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How SMBs can use data to drive business outcomes

17 Jan 2019

In the last five years, companies across all industries have been impacted by technological advancements, regulation changes, and market movements.

Small and medium-sized businesses (SMBs) need to be agile and responsive to the changing context they operate in. 

Increasingly, data analytics and predictive technologies are proving an effective way of understanding consumer patterns, external policies, and economies. 

Using cloud technology makes it easier for businesses to capture important business intelligence, generate reports, predict outcomes, and plan for the future, according to SAP Concur. 

Data is more accessible and useable than ever before. 

With the right technology, companies can capture consumer, sales, and expense data, and use it to evaluate and construct future plans, campaigns, and internal changes. 

Companies can take an incremental approach to leveraging analytics, which can help de-risk investments and simplify technology complexity. 

“Cloud technology has let businesses merge previously-siloed data into a single source of crucial information that can drive important decisions about the direction of their organisation,” says SAP Concur A/NZ general manager Fabian Calle.

"With the right solutions, data discovery and exploration can be highly intuitive, and offer deep and accurate insights into what’s happening in a business. Through predictive modelling, organisations can pinpoint trends, compare the effectiveness of potential scenarios, and predict the future to drive new business models."

Most SMBs track data in various ways. 

Finance teams store records of payments and expenses, sales teams track purchase numbers and customer relationship statistics, and marketing teams count hits, clicks, and online consumer interactions. 

Organisations need to understand the value of these numbers. Data analytics and predictive technologies can help determine whether past activities and strategies have been successful, and then structure new campaigns based on the same or similar algorithms.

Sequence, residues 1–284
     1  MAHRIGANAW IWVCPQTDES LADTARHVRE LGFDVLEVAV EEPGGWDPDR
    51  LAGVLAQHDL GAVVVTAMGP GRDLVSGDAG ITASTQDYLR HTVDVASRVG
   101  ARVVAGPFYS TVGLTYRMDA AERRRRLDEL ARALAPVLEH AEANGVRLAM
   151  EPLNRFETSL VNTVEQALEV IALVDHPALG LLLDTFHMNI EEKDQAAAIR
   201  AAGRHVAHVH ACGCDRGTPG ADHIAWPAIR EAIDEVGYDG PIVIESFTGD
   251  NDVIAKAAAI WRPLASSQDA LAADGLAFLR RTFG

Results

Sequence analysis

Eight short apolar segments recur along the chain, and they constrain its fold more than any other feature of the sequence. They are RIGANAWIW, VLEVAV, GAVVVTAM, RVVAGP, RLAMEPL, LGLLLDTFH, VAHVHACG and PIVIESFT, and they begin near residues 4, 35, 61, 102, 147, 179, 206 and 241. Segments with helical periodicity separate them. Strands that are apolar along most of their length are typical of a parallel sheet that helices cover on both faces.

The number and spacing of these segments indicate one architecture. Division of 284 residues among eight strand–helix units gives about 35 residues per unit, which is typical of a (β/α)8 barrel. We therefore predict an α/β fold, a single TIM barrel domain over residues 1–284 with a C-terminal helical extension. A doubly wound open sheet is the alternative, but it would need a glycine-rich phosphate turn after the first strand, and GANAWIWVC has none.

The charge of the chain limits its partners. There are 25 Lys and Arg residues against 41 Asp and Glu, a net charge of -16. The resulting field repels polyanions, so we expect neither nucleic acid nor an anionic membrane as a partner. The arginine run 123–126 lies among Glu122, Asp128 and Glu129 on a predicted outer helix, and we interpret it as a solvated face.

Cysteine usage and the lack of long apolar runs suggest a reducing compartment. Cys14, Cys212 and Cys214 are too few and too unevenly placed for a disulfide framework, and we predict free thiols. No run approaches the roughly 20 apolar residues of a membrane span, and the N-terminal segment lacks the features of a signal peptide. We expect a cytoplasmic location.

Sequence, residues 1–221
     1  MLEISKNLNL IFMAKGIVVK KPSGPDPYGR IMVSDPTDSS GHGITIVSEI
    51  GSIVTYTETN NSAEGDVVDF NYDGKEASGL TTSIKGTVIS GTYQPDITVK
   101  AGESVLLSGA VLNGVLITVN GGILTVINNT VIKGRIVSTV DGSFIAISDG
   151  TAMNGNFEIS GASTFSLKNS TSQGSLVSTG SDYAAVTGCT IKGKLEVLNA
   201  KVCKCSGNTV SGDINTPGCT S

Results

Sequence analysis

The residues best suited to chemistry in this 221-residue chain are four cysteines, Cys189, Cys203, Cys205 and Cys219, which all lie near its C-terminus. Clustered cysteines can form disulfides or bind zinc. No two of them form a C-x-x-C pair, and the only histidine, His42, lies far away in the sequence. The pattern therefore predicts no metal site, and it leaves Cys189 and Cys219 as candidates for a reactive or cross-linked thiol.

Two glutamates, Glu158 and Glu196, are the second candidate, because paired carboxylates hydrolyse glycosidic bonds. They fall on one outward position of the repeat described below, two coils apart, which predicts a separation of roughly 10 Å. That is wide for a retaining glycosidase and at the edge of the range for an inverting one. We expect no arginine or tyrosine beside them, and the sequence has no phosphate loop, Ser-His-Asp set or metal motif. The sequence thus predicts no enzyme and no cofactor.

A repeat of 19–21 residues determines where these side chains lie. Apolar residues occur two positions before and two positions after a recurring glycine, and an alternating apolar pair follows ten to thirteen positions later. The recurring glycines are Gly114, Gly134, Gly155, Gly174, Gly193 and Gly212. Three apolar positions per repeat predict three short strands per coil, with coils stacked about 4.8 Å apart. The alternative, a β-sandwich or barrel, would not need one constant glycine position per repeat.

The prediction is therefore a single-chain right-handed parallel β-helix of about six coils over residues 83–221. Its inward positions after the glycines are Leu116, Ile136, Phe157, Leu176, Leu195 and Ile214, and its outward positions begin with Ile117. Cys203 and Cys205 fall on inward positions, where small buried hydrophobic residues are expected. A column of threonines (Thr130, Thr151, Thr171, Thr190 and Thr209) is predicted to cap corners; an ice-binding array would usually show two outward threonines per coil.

Similarly, these technologies can compile and analyse company payments and expenses, employee spend activity, bills and fees, and help leaders view and cut unnecessary costs they might not have been aware of otherwise. 

With the right solutions, organisations can use data analytics to make important decisions in real time. 

Very quickly, leaders can see how regional activities, customer behaviour patterns, market volatilities, and emerging risks can impact operations and, with the rising popularity of mobile apps for data analytics, all business users can make these decisions anytime and anywhere. 

"Once reserved for big business, data analytics solutions and technological support are becoming increasingly available to a wider range of organisations,” Calle says.

“Increased access to predictive solutions levels the playing field, and gives smaller organisations the chance to increase their visibility into current spend management, customer relationships, and strategy effectiveness, and make critical changes where necessary. Businesses have the data and the information they need to move into the future, and the right technology can help them access, review, and interpret it in the best and smartest ways."